Yes, there’s a lot of that. Especially in recent years. Including various types of defectors and traitors. These people asserted that illegal intelligence was the structure of the KGB that carried out acts of retribution, killed traitors, poisoned, shot, and stabbed with umbrellas. Indeed, in the far-off 1930s, Soviet intelligence, including the illegals, was charged with actions to destroy opponents of the regime and enemies of the state. These cases are well-known. Take just the assassination of Leon Trotsky, which was prepared and executed by Soviet intelligence. But now there’s nothing like that.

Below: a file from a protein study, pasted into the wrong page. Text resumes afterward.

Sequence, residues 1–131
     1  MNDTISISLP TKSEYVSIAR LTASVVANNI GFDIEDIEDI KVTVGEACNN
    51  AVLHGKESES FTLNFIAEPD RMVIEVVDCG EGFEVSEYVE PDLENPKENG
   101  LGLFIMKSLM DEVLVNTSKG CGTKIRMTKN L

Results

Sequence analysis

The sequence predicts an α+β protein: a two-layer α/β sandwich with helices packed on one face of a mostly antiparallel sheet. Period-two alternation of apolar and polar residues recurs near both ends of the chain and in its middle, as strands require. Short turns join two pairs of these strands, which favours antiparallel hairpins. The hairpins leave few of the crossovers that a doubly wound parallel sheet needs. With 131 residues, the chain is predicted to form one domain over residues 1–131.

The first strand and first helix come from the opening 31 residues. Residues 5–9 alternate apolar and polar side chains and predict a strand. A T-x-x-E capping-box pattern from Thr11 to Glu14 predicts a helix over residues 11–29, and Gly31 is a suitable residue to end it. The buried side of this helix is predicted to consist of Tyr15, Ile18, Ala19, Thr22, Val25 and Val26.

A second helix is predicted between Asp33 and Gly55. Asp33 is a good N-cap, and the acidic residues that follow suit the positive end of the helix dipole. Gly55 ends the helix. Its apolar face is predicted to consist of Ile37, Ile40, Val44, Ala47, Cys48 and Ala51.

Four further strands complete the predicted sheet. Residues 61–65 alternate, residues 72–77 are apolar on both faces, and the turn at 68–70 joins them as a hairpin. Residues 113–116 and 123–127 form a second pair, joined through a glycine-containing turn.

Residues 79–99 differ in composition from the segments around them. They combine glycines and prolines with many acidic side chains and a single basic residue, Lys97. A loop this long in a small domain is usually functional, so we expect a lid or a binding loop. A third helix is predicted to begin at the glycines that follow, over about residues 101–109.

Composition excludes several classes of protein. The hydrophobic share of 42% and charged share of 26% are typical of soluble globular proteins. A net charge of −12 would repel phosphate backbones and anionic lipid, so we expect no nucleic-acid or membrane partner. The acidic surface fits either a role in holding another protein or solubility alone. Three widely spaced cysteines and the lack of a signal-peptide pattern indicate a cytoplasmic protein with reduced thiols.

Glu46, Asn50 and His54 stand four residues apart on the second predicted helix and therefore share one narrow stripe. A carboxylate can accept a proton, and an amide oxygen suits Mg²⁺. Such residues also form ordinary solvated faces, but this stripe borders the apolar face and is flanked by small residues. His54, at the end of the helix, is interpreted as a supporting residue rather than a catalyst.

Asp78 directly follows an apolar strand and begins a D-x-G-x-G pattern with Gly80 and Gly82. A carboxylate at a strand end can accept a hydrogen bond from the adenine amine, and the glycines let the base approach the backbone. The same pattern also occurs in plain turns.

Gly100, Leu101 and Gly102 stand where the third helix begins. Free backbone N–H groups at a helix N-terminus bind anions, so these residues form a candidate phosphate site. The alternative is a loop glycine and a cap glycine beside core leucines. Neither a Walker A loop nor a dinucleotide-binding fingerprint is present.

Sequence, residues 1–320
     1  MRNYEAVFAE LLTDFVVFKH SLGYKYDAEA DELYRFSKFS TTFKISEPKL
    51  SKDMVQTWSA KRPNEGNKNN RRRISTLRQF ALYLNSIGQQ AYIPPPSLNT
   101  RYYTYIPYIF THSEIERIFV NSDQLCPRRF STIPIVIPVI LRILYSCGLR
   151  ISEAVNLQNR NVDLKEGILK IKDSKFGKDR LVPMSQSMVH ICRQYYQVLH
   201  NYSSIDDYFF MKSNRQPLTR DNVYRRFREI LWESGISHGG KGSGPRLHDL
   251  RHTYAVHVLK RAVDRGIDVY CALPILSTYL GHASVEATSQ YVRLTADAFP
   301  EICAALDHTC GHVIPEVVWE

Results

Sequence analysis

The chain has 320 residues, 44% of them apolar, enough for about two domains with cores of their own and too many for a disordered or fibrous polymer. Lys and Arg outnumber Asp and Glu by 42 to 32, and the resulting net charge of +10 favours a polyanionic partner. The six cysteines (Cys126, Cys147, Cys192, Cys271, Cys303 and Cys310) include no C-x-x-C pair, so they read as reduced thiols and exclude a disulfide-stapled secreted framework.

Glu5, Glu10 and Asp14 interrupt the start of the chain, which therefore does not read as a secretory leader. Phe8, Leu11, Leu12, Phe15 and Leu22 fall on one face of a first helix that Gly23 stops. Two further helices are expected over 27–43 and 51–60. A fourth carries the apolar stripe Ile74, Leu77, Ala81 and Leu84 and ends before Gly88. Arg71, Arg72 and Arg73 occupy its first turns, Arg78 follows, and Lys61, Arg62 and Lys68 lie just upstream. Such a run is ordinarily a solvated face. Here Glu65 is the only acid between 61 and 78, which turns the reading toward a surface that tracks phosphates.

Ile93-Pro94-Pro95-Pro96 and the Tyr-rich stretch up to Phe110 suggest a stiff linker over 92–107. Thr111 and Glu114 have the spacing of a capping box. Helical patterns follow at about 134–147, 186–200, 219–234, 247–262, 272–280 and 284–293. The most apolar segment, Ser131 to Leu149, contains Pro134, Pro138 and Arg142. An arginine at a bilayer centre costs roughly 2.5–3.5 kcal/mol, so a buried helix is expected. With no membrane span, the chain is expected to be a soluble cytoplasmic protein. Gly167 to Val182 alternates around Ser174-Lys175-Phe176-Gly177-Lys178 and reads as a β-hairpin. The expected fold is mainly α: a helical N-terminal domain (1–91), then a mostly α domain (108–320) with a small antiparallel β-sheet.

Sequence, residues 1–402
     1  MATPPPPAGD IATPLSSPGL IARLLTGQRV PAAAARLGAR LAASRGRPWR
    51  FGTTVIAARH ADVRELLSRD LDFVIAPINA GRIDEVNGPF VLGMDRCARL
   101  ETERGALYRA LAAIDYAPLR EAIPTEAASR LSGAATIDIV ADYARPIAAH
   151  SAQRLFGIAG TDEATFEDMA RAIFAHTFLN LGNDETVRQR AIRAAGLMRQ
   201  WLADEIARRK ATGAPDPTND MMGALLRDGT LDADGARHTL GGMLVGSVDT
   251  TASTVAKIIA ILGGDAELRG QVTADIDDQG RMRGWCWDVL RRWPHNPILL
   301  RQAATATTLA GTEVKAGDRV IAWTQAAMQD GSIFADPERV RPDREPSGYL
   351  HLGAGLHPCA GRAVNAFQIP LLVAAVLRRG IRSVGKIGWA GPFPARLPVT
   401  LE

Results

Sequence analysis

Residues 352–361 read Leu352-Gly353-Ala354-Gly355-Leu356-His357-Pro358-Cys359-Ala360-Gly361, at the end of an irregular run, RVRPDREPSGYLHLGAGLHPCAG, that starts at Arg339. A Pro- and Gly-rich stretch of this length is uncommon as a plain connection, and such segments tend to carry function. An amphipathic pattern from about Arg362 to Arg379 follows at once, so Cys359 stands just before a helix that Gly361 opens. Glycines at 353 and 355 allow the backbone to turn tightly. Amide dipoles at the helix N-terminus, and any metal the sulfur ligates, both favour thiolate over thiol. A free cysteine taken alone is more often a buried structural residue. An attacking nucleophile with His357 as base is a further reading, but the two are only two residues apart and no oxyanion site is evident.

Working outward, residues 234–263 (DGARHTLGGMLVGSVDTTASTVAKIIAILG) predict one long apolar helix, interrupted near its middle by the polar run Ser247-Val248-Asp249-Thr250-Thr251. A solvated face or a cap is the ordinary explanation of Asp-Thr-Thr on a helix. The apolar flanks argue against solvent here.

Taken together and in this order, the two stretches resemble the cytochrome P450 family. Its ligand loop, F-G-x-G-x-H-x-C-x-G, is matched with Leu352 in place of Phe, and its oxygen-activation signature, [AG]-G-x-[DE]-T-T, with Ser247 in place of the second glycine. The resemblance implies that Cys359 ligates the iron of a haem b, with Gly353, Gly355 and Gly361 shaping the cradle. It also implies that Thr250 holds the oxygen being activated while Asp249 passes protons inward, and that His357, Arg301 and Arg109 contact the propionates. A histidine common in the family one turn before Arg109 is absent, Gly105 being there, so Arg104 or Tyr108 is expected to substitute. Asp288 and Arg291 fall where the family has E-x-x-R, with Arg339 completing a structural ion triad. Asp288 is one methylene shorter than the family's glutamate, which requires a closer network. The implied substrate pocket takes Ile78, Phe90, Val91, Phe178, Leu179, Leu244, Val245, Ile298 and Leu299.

Kirpichenko (center) with the leadership of KGB Directorate S. Yuri Drozdov is on the far left.

Heading up illegal intelligence, Kirpichenko often had to see off young spousal pairs to their missions and regularly meet with mature officers and veterans who became educators to their young colleagues. Most of all the worries came with the rookies. Problems of their training, their family affairs, their documentation as foreigners, and employment abroad. Sometimes he had to act in the unusual role of either a priest or director of registry to sanction a marriage.

Young illegals being sent on their missions reminded him of people who, having just learned how to swim, are immediately sent far out to sea. Additionally, it was never known whether they’d have the strength to overcome the long distance. And all those who worked with the young illegal or married pair at the Center could not escape their anxiety and alarm until the illegals sent the signal that they reached their destination and that everything was fine.